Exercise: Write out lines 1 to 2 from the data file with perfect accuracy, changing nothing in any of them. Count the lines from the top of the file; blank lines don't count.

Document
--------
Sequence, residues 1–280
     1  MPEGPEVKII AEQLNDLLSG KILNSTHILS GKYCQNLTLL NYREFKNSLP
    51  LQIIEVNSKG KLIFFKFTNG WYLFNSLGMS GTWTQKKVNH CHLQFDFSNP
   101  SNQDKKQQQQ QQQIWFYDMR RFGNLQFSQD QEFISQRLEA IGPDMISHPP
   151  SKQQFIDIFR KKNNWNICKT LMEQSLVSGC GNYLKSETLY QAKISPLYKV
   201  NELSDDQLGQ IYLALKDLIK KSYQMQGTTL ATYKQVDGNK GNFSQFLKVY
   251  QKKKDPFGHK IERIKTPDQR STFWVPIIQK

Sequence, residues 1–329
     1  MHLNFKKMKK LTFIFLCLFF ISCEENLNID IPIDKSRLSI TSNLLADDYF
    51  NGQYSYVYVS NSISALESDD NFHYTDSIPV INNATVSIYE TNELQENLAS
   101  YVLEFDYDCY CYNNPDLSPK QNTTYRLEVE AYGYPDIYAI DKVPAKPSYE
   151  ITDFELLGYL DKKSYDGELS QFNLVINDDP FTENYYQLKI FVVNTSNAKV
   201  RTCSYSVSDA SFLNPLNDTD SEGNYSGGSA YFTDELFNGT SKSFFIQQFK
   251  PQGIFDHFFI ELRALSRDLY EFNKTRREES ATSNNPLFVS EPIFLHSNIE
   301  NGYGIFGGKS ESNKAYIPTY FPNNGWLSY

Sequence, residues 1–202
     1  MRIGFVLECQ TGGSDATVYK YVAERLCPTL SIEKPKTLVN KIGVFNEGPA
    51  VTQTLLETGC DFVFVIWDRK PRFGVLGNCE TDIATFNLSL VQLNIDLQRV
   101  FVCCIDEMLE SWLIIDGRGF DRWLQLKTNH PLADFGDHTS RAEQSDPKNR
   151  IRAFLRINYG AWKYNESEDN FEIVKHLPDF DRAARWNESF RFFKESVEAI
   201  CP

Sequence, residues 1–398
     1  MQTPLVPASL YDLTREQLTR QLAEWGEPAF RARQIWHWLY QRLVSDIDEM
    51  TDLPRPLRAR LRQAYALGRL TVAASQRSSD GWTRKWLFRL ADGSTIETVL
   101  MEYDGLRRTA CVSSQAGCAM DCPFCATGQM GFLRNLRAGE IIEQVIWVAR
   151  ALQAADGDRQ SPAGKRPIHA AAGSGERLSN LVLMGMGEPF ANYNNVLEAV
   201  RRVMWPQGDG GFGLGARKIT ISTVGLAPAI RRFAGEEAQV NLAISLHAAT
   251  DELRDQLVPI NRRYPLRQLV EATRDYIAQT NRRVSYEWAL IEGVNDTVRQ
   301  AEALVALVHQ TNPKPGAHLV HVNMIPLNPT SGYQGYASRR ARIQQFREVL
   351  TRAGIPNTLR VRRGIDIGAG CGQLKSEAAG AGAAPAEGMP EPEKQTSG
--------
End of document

Sequence, residues 1–280
     1  MPEGPEVKII AEQLNDLLSG KILNSTHILS GKYCQNLTLL NYREFKNSLP